Realists in the credit card industry have resigned themselves to the consequences of slowdown, saturation, and perhaps even recession.

But even after coping with record chargeoff and delinquency rates, which occurred anomalously during economic expansion, card issuers continue to enjoy growth in receivables, and many are using their newly honed skills in cobranding and niche marketing to pursue further opportunities.

The profits and margins may not be what they used to be, but they can still beat averages in retail banking, or banking as a whole.

"Issuers who watch the credit ball first and the volume second will be in good shape regardless of the economy," said Robert K. Hammer, head of R.K. Hammer Investment Bankers of Thousand Oaks, Calif.

"There is profit to be made-and improved on-in virtually every credit card product category," Mr. Hammer concluded from his own annual survey of industry profitability. He held to this view even after the card industry's return on assets had declined in 1997 for the third year in a row.

It has become a business of picking spots, and a popular one is the subprime market. Established lenders with a history of serving people with blemished credit records, as well as a new set of competitors that specialize in debt collection, are taking calculated card-issuing risks that they expect will pay off big.

According to RAM Research Corp. of Gettysburg, Pa., subprime receivables are growing 45% annually, well above the 16% rate for another perceived growth category, cobranded cards.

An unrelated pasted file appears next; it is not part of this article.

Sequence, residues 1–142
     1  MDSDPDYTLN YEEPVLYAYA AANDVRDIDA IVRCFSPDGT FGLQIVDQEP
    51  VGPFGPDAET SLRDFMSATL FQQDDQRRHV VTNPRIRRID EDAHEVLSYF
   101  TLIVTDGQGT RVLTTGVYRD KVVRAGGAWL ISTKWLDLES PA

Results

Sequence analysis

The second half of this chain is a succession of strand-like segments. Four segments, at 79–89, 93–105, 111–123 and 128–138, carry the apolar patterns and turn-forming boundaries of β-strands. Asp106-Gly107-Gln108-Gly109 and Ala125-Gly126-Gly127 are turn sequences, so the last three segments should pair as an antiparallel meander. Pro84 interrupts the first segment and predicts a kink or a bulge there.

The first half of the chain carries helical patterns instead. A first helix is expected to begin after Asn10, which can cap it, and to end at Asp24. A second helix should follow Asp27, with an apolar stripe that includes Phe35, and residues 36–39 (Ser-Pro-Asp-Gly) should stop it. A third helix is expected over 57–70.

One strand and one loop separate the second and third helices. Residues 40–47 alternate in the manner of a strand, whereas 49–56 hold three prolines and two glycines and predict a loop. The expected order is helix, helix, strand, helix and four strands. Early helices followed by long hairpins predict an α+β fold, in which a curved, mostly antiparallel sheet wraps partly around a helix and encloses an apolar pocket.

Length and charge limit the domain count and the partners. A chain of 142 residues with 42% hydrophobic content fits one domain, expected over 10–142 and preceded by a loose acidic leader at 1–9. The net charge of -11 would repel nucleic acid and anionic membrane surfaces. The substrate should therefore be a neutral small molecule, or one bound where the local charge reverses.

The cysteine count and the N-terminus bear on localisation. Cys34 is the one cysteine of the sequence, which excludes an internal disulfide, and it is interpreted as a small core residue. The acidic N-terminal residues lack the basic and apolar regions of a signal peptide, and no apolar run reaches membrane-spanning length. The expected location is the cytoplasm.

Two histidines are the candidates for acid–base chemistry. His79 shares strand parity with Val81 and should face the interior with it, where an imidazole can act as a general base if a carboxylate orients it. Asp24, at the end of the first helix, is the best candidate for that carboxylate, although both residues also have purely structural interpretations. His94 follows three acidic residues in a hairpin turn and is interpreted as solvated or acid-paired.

Meanwhile, the Internet has presented new selling opportunities that some marketers expect will be more effective than direct mail. And the affluent market continues to attract: Visa International recently announced its Infinite card for the super-rich, a counterpart to the World MasterCard.

Concerns about the economy have led card lenders to brace for harder times. People's Bank of Bridgeport, Conn., has held "scenario analysis" discussions for the last six months and is looking at ways to reduce expenses.

"We do expect an economic slowdown," said Todd P. Martin, chief economist at People's. "We are putting a lot more effort into the analysis."

"There is already a shakeout well under way," said Jerry Craft, president of Inficorp, a consulting and portfolio management company in Atlanta. "As losses rise, people on all sides of the spectrum are going to say enough is enough, and some players are going to quit," Mr. Craft said.

Chargeoff rates doubled during the recession in 1990, according to Veribanc Inc., a bank ratings company in Wakefield, Mass. Veribanc research director Warren Heller said that if the current chargeoff rate of 5.4% were to double again, 10% would be "a disaster."

But MBNA Corp., the biggest of the monoline card lenders, has been an uninterruptedly bullish beacon for the industry. In the 12 months through Sept. 30, managed loans grew by $10.1 billion, to $56.3 billion. Net income for the first nine months of the year rose 24%, to $538 million, and the return on average assets was up to 3.23%, from 3.12%. MBNA's Sept. 30 delinquency rate was 4.69%, and its loan losses a relatively tame 4.34%.

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